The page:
If you've been through Woodburn, you know where Route 82 curves over the river coming into town and the road narrows from four to two lanes just north of the bridge over Miller's Creek. The two lanes continue until six and three-tenths miles south of town when it divides into four lanes again.
The two lane section, which is within the Town Limits, is a sedate forty-five miles an hour. Since the speed limit on the four lane is seventy, some people have trouble complying with the lower speed. We in Woodburn didn't object when the American Automobile Association branded us as a speed trap. In fact, it was our idea. Chasing the speeders wore out squad cars and stretched the limits of our town police force, Chief Pat Wilson and Officers Cletus and Boyd Wilson, who were related to Pat by direct descent.
I suggested to Triple A that they label us as a speed trap. It helps us uphold the law and, after all, the ultimate responsibility for upholding the law falls to me, James Henry Madison. I'm the judge. And the mayor and the postmaster.
I even patrol the highway sometimes since I was once a police officer myself. I don't expect the town to supply me a squad car with its limited budget, so I supply my own-a cherry red '95 Firebird with a 350 V8, four in the four and all the speed enhancements the law allows. All right, I'll admit it. It has some the law doesn't allow unless you're the law, which I am. I did let the city buy the red lights and siren, but I don't use them much. People in Woodburn know when I'm coming. The Firebird has loud pipes and rumbles with a nice, deep bass.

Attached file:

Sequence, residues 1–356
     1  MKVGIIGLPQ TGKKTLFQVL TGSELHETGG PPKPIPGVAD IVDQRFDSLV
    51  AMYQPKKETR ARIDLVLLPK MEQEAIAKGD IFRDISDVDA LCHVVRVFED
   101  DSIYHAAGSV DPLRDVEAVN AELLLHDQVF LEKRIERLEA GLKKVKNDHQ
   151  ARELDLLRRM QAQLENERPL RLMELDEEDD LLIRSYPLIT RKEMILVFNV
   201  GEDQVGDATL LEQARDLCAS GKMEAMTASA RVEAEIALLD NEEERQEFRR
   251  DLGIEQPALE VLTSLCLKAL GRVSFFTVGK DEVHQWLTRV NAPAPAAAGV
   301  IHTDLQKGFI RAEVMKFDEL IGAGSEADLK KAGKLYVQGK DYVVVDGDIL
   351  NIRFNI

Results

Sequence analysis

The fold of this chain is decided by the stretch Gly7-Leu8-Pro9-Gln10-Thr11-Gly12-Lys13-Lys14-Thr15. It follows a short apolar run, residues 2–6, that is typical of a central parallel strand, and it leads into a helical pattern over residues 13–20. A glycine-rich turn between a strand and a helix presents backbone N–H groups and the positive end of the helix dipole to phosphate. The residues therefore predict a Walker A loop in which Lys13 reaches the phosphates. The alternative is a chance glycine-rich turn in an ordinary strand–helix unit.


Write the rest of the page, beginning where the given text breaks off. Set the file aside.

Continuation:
I was coming back from Jefferson one bright Saturday afternoon. Jefferson's south of Woodburn forty-three miles, which is twenty minutes for me and forty minutes for everyone else. I wasn't in a good mood because Hiram Abbot, the Jefferson sheriff, had whipped me in golf and taken my money. Golf's my second or third greatest passion, depending on the weather.
When I clicked on the police radio to let the Wilsons know the red bullet headed their way was me, Clete came on the air.
"Come in, Chief," Clete said.
"Chief here. What's up, Clete?"
"There's a traffic jam on 82 at the bridge."
"Huh? Did you say traffic jam?
"I sure did."
"It can't be. We've never had a traffic jam in Woodburn."
"Dad, I mean, Chief, this is Boyd. I'm south of the bridge off Main Street. I can see the problem. It's a blue Mercedes doing five miles an hour. She's on the phone."
Knowing someone was driving while talking on a cell phone made me almost as mad as missing a four-foot putt on number seventeen and having to hear Hiram snicker.
"This is the Judge," I broke in. "Stop her and go over the car with a fine tooth comb. Let's get every charge against her we can."
"Don't we need some reason to stop her, Jimmy?" Boyd asked.
"Does she have both hands on the wheel?"
"No, she doesn't. Should she?"
"It's the law in this state," I replied pompously.
"If you say so, Judge. Okay. I'll get her."
Ten minutes later, I passed the scene of the crime. Boyd had a blue Mercedes pulled over. Its driver was standing between her car and his car pleading animatedly.